People are saying that the world is small. The world is not small. You’re just stuck in your bubble. So then you just meet the same people again and again and again. You need to burst that bubble, to enter other people’s bubble and other people’s bubbles. But then a place like coworking space is the one that can connect you with the relevant bubbles. Because you can, of course, meet other people randomly on Tinder or someone’s wedding, but then not necessarily relevant for your personal growth or your business growth.
So coworking is accelerating that serendipity. That’s how we explain coworking. But then most of our programs required people to meet offline, until COVID-19 happened. So COVID-19 is actually a blessing in disguise for us to really push forward the value of community activations and community engagement, and the values you actually give to your audience in terms of increasing of the professional skills and the network through digital platform. Because now, you have to do everything online.
Our tech platform is basically a marketplace of four programs that ecosystem builders can tap into. Let’s say my audience or my community is mostly creative or content media, or maybe digital startups or high-tech people, but I don’t have a lot of logistic-heavy programs. I would be on that platform and it would match me with the programs that are good for me.
If you want to run a Startup Weekend, for example, you will follow the training of trainers, training of facilitators. And then after that, you can be connected with other organizers around Indonesia, so this community of the organizers. Kumpul will also try to put in some revenue projections there, breaking down the ticketing model for a Startup Weekend, for example.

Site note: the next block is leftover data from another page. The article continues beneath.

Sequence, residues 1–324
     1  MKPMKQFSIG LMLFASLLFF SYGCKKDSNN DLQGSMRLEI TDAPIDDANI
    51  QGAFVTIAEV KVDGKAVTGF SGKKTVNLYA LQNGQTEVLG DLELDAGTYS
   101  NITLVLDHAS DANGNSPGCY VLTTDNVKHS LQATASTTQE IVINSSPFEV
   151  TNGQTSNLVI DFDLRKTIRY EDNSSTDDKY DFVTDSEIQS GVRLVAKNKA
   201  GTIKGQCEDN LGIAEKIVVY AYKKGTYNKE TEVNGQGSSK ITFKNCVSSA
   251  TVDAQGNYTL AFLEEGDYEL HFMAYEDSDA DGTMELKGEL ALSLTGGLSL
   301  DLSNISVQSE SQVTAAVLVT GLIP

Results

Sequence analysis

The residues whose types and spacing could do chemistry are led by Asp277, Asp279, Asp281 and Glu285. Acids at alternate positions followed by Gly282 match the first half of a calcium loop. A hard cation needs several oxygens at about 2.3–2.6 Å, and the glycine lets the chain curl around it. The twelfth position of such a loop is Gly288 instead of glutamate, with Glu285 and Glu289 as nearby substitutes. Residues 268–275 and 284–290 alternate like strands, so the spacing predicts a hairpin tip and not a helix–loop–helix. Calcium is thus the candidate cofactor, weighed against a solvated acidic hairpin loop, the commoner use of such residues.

Indonesia is maybe the biggest archipelago in the world, so logistic and infrastructure is actually one of our main challenges, especially in the eastern part of Indonesia. The technology platform we use at Kampul includes Good Drive, Google online collaboration, and Locket.com which sells tickets and also has the streaming facilities which have become important with COVID-19.
When we did the Startup Weekend Indonesia online, we actually used six different digital platform to run the whole thing. Some speakers, when it’s just a keynote, we blast it through YouTube live stream, for example. But then we need also the back stage platform. Some people can use Zoom, of course, and we also used StreamYard and Google Meet. When the participants build their products and are mentored, they use Discord, and of course, Whatsapp.
In the future, I think Kumpul will just focus mostly on how you can actually activate a hub. If you want to run something, if you want to engage people, a movement or something, if you say that you’re an ecosystem builder, we can help those hubs to be alive, to grow and be sustainable. In terms of business models, it’s about not just blasting, but seeing if can this be enjoyed or impact more people than just the people in your city?